CU researchers: 'Colorado Diet' is key to losing weight, keeping it off

New diet book focuses on 'fixing' your metabolism

AURORA, Colo. - Two University of Colorado researchers say they have uncovered the secret to weight loss success in what many Coloradans are already doing right. Their new book promises to help people build a "mile-high metabolism."

The day Morgan Richards signed up for a pilot weight loss program at the CU Anschutz Health and Wellness Center, she weighed more than 250 pounds.

"I can't believe I just said that!" Richards told 7NEWS Reporter Jaclyn Allen with a laugh. "I've lied on my driver's license for years, Jaclyn."

Richards wanted to stop lying.  She had started gaining weight more than a decade ago, following fertility treatments.

"My husband and I eventually adopted a beautiful girl, but I couldn't get rid of the 'didn't-have-a-baby' weight," said Richards.

She tried everything -- diet programs, juice diets and diet books.

"My husband doesn't even want to know how much I spend on diet books!"

At one point, she realized she couldn't keep up with her now 10-year-old daughter, and really, she didn't want to.

That's the hard part of being overweight," said Richards. "You don't just have the oppression of the physical weight itself. You're emotionally weighed down."

When people are looking for a weight-loss last resort, they sometimes seek out Dr. Holly Wyatt and James Hill at the CU Anschutz Health and Wellness Center. They are weight loss experts who believe they've uncovered the secret to success after two decades of research.

They call it "The Colorado Diet."

"You know people in Colorado," said Hill. "They get up in the morning and say, 'What am I going to do today? Am I going to climb a mountain? Am I going to go for a hike?' That's not seen everywhere."

Colorado has frequently been named the leanest state in the nation, and in Wyatt and Hill's book, "State of Slim," they emphasize the lifestyle and diet choices that are working for people who have lost weight and are keeping it off.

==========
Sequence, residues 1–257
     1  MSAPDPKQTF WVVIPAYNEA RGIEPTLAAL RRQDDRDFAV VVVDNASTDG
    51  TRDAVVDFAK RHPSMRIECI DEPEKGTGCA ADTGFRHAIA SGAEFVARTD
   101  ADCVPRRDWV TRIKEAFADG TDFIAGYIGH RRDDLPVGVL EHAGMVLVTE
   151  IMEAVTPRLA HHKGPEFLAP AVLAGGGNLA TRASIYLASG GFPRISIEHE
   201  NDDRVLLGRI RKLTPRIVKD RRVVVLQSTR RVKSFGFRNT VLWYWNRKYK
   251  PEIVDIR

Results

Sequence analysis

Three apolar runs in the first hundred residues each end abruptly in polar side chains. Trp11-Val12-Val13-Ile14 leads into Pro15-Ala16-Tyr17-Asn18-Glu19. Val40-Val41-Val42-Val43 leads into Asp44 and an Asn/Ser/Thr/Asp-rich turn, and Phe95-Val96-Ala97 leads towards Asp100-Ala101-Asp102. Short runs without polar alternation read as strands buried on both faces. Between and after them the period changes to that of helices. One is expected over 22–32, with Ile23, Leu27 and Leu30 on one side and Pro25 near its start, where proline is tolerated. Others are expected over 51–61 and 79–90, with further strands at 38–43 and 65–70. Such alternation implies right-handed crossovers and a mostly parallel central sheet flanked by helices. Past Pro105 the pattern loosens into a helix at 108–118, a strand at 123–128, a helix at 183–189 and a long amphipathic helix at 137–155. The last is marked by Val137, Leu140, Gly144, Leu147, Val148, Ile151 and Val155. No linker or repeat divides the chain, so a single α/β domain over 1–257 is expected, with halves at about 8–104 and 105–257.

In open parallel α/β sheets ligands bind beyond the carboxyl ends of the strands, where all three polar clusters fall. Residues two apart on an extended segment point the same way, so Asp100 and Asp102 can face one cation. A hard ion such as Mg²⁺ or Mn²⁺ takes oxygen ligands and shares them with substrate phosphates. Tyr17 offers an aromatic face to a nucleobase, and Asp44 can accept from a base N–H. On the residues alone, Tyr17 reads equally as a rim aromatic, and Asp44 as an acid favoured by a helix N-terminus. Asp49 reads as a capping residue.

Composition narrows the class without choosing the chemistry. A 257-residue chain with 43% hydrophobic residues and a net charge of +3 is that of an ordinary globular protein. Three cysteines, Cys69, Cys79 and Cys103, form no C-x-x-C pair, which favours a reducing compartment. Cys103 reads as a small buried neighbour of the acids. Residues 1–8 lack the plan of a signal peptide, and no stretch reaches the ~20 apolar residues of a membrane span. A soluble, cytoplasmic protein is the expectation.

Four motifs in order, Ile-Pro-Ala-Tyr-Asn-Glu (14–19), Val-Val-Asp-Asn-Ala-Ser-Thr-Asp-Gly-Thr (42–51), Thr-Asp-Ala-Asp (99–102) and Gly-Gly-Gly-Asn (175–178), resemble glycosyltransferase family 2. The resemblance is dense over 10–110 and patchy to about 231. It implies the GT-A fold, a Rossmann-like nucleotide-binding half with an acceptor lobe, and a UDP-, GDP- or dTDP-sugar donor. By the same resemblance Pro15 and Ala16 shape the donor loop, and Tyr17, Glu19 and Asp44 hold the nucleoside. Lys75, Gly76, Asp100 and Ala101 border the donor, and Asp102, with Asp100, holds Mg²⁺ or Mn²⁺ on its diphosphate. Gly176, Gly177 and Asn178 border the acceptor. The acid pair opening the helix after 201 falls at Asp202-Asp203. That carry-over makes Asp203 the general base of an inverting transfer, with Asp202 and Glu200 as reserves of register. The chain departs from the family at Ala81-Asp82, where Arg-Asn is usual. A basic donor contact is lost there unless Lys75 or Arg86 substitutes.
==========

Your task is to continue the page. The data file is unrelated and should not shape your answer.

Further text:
"You actually need to work heavily on the diet in the beginning to get some of the weight off," explained Wyatt, "and the order matters."

Here are five core rules of The Colorado Diet:

- Eat six times a day

- Have breakfast within a hour of waking up

- Don't count calories, measure portions

- Have the right carb and protein mix at every meal

- Eat a healthy fat, twice a day

In phase one, the first two weeks, the recommended diet is very restrictive, with plenty of lean meat and Greek yogurt, but no fruit or bread.

This is when dieters are revving up what Wyatt and Hill call "A Mile High Metabolism."

"If you have a flexible metabolism, you can have a healthy, varied diet. If you don't, you have have to be very restrictive to succeed," said Hill.

So, in phase two and three, dieters can add more foods, but must also dramatically increases exercise -- 70 minutes a day, six days a week.

They also emphasize forming rituals and routines that will aid new, healthy habits.

"For me, I cannot have chips. I will eat the entire bag of chips. I'll think about it -- it will drive me crazy," admits Wyatt. "So, one of my routines, rituals, is I never go down the chip aisle in the grocery store. Just don't go down it."

After a year on the Colorado Diet as part of a pilot program at the Wellness Center, Morgan Richards has lost 70 pounds.

"I'm not going to sit here and say it was easy," said Richards. "It's actually been a lot of work."

Richard works out at the state-of-the-art center and attended classes once a week to help her learn healthy habits.

She planted a garden. She engages more with her family. She is proud of how far she has come.

"I did a tabata spin class on Monday. Me!" she exclaimed. "And I'm going to be 50 next year! Also, can't believe I'm going to say that."

Morgan said she still has 20 pounds to go, but she's honest about it now. She feels with the structure and support she has found on the Colorado Diet, she will never go back.

"In some ways, I feel it gave back the energy and essence I had in my 20s and some of the positivism," she said. "But it's better because I'm older and wiser."

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